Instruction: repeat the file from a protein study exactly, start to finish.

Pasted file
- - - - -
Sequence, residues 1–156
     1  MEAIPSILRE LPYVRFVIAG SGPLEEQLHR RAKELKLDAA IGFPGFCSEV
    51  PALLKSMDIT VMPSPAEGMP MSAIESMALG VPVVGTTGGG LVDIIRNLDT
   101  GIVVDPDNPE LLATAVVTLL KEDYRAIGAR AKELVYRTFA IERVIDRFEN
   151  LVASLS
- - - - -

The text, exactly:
Sequence, residues 1–156
     1  MEAIPSILRE LPYVRFVIAG SGPLEEQLHR RAKELKLDAA IGFPGFCSEV
    51  PALLKSMDIT VMPSPAEGMP MSAIESMALG VPVVGTTGGG LVDIIRNLDT
   101  GIVVDPDNPE LLATAVVTLL KEDYRAIGAR AKELVYRTFA IERVIDRFEN
   151  LVASLS